On October 27, 2010, Declan Sullivan, a student at the University of Notre Dame, was killed when a hydraulic lift from which he was videotaping the Notre Dame football team practice, collapsed. Within days, with investigators just beginning their work and lawyers warning of potential liability, Notre Dame University President Rev. John Jenkins issued a statement of apology in which he said, in part:
There is no greater sadness for a university community than the death of one of its students under any circumstances. Yet this loss is more devastating, for Declan died in a tragic accident while in our care. For that, I am profoundly sorry. We are conducting an investigation and we must be careful not to pre-judge its results, but I will say this: Declan Sullivan was entrusted to our care, and we failed to keep him safe. We at Notre Dame — and ultimately I, as President — are responsible. Words cannot express our sorrow to the Sullivan family and to all involved.
Apologies come in all shapes and sizes. There is the “I deeply regret” apology where the apologizer connects the with the consequence of his actions but does not actually accepting blame for the act itself. Then there’s the “mistakes were made” apology, that acknowledges that something wasn’t done right by someone, but does not accept responsibility on the part of a specific person for a specific action. There is the vacuous apology extended to “those who misunderstood me” and the equally hollow apology directed to those of you “who feel that way”. Then there is the “I’m sorry, but … apology that simply shifts blame to someone or someplace else. And lastly, there is the “I’m sorry I got caught” apology which is, of course, no apology at all.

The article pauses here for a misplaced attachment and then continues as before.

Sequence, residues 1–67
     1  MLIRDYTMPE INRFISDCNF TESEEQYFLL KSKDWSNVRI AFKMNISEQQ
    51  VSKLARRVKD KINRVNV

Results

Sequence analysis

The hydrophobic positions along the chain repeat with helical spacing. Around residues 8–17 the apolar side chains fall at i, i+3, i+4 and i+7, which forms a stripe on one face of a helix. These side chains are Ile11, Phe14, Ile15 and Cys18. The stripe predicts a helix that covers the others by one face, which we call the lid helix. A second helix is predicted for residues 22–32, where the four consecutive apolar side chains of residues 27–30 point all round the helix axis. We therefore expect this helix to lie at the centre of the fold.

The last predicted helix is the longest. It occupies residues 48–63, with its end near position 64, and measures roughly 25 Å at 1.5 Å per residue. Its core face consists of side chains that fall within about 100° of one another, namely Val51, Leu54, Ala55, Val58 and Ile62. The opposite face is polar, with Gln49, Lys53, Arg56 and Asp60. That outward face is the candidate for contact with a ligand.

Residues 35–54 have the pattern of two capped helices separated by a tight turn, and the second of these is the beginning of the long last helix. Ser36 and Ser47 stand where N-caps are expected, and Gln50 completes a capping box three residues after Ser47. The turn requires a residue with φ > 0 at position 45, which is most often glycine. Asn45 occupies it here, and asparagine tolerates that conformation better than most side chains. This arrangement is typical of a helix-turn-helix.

Some apologies are the stuff of legend. Who can forget Bill Clinton’s non-apology apology in the midst of the Monica Lewinsky scandal? And then there was was the Mel Gibson apology after his anti semitic tirade following a DUI arrest; the Tiger Woods’ apology after word of his multiple affairs and Kramer’s apology after his racial tirade in a comedy nightclub; or Chris Brown’s apology for beating up his girlfriend Rihanna and Kanye West’s apology for interrupting Taylor Swift at the CMT Awards. This political season alone has brought us a rash of new apologies: Todd Akin, a Republican Senate candidate from Missouri, for his reference to “legitimate rape” and his suggestion that it does not lead to pregnancy; Richard Mourdock, another candidate for U.S. Senator, for his suggestion that either rape was God’s will (according to the interpretation of some, though not me) or, that a pregnancy occasioned by rape, is God’s will. And then just last night, in my home state of South Carolina, Governor Nikki Haley’s attempted apology upon word that 3.7 million social security numbers may have been hacked from South Carolina Department of Revenue web servers.
All of these apologies are memorable. Only a few were meaningful. A good apology is powerful in part because it is sincere. A good apology is completely genuine. It accepts full responsibility and does not attempt to shift blame. It speaks of repentance and tries to make amends. It is timely given and given with no expectations. But perhaps the real power of an apology, appropriately given, is that it can mark both an end as well as a beginning — an end to active conflict and a beginning to the long process of reconciliation, redemption, and forgiveness. And, ultimately, healing.